I call these zombie threads. I like the forums where threads are locked after 30 days of inactivity. If someone wants to return to the topic (not sure what the point was for this one...), they can link to the old thread as background, but perhaps reframe the topic according to the point they want to make. But I expect people here like things the way they are. :)

I agree! But then I give up and go with the flow.

At least Dwight is still here to respond (if he wants to!).

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Not complaining, just remembering the hell of trying to keep the posts up on those damn plywood cellos!  Still think I would have glued them to the back!  I don't miss that aspect of my 29 years as a school orchestra director on the edge of the world.

DLB

 

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So, is this a prevalent problem around the world??  I can imagine a simple solution for all posts except maybe it would not be desireable for the upper crust of instruments.

If I come up with a spruce  post/ accessory  design that once set and installed will not fall or move by itself, how many might I sell? sell price if produced  in volume likely in the order of $20

... worth researching?

 

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You can always just drive a thin nail down through the top into the post, like this.   I was going to adjust the post on this repair - it was in for something else - and decided the post was just fine where it was.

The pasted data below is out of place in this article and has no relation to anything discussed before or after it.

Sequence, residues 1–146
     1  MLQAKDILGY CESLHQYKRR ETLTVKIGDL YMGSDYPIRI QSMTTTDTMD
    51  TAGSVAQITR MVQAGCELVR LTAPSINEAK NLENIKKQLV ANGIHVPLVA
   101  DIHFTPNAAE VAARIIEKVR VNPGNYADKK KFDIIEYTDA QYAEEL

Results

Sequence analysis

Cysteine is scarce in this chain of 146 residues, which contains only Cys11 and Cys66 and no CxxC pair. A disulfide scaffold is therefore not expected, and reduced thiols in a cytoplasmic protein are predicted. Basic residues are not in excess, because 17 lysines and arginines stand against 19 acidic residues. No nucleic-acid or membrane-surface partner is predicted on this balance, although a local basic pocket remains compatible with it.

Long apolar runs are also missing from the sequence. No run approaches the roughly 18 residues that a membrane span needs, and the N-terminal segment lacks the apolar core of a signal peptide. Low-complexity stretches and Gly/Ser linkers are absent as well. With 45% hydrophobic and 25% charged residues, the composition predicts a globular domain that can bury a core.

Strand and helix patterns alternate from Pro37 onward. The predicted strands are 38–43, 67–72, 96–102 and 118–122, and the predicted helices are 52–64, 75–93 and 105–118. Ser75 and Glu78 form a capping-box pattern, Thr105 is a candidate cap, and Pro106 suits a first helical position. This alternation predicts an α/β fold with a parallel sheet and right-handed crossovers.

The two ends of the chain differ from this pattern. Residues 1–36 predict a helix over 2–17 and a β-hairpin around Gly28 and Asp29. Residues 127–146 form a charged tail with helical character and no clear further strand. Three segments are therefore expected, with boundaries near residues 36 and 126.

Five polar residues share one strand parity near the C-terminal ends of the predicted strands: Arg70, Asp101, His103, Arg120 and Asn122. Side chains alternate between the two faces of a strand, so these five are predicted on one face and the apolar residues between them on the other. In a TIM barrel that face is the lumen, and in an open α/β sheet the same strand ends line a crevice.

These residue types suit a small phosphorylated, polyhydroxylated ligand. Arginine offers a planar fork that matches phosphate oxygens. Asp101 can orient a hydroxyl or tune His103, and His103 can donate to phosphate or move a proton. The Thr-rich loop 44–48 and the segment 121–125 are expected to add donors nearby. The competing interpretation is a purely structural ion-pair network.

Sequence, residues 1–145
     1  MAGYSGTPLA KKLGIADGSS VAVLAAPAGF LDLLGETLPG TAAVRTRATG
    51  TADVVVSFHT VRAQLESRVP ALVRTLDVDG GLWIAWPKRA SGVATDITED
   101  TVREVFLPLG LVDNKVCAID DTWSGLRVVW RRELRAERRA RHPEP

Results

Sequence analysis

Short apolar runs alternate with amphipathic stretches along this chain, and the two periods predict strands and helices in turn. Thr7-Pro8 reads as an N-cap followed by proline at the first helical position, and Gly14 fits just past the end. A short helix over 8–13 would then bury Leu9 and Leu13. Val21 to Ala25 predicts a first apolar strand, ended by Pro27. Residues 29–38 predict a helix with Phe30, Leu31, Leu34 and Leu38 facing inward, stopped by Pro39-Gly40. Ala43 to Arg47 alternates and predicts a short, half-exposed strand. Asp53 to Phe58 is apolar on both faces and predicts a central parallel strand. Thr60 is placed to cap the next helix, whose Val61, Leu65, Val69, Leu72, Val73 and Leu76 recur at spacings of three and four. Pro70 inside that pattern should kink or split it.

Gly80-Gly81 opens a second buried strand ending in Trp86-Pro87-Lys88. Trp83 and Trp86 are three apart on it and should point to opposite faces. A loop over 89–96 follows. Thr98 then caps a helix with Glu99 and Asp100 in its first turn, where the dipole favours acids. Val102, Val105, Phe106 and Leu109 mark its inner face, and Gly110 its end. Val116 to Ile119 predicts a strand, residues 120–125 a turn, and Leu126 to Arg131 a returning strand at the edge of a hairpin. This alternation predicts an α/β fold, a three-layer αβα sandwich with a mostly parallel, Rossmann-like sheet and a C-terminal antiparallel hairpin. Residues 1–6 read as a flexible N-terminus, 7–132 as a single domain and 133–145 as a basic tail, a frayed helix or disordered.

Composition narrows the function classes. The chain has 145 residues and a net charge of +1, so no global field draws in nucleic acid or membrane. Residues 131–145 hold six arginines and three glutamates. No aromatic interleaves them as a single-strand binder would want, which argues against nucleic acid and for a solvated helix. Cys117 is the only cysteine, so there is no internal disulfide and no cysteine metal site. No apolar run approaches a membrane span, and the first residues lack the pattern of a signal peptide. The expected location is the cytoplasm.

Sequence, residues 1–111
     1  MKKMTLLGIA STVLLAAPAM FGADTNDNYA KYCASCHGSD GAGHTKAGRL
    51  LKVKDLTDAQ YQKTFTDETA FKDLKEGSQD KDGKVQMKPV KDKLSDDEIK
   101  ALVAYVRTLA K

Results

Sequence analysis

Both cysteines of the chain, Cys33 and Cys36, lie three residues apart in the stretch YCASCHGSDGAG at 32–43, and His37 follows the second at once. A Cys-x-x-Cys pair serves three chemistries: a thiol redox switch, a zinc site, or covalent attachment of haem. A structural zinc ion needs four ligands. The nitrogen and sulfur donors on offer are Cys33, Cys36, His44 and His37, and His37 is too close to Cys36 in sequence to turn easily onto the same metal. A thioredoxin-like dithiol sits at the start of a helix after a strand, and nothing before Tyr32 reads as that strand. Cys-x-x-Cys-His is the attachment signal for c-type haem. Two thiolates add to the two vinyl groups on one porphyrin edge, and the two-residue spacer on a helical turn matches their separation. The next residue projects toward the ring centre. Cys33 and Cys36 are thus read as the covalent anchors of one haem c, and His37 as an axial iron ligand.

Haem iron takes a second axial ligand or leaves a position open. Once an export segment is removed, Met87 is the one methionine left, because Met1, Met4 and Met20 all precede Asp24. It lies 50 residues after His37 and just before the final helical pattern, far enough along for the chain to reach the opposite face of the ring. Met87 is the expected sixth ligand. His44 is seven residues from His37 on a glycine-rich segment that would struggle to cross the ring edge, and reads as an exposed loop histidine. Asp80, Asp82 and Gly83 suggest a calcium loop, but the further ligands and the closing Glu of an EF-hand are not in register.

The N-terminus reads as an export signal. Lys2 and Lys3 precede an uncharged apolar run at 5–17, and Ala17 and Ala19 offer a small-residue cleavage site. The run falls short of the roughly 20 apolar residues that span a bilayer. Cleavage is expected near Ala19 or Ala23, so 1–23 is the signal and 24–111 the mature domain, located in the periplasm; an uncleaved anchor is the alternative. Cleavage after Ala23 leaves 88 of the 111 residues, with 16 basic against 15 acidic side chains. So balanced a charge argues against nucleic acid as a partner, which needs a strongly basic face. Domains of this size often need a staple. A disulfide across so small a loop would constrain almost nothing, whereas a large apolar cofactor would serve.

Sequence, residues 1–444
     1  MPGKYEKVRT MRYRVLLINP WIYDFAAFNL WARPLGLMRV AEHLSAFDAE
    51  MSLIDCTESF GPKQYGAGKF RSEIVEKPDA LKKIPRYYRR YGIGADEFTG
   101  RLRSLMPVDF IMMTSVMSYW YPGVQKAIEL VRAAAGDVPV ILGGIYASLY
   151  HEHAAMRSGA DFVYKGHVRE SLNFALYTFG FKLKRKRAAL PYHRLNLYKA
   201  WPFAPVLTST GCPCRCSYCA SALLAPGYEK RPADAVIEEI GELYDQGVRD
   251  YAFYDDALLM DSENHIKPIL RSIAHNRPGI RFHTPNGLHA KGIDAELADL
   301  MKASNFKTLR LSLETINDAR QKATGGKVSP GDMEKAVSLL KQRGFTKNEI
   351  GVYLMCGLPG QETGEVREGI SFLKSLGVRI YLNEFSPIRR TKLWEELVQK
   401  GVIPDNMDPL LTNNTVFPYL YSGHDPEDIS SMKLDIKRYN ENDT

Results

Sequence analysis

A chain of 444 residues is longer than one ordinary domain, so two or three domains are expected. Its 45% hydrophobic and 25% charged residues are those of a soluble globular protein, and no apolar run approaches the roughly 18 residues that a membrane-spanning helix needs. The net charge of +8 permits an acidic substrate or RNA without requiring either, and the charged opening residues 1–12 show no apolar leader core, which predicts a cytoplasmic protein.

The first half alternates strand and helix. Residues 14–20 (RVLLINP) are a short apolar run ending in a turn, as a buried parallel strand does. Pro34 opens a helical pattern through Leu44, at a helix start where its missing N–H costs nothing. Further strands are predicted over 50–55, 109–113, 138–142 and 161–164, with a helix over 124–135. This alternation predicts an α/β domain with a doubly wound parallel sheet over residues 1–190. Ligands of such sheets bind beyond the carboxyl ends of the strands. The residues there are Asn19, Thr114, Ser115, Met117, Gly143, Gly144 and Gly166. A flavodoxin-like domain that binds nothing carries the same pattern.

Please note that this was a sarcastic suggestion - don't do this.

IMG_1635.JPG

IMG_1636.JPG

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4 minutes ago, Brad H said:

You can always just drive a thin nail down through the top into the post,....

Yes you can but I would not dream of doing that on the worst of instruments.... If I did dream, it would be a nightmare!

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1 hour ago, Mat Roop said:

Yes you can but I would not dream of doing that on the worst of instruments.... If I did dream, it would be a nightmare!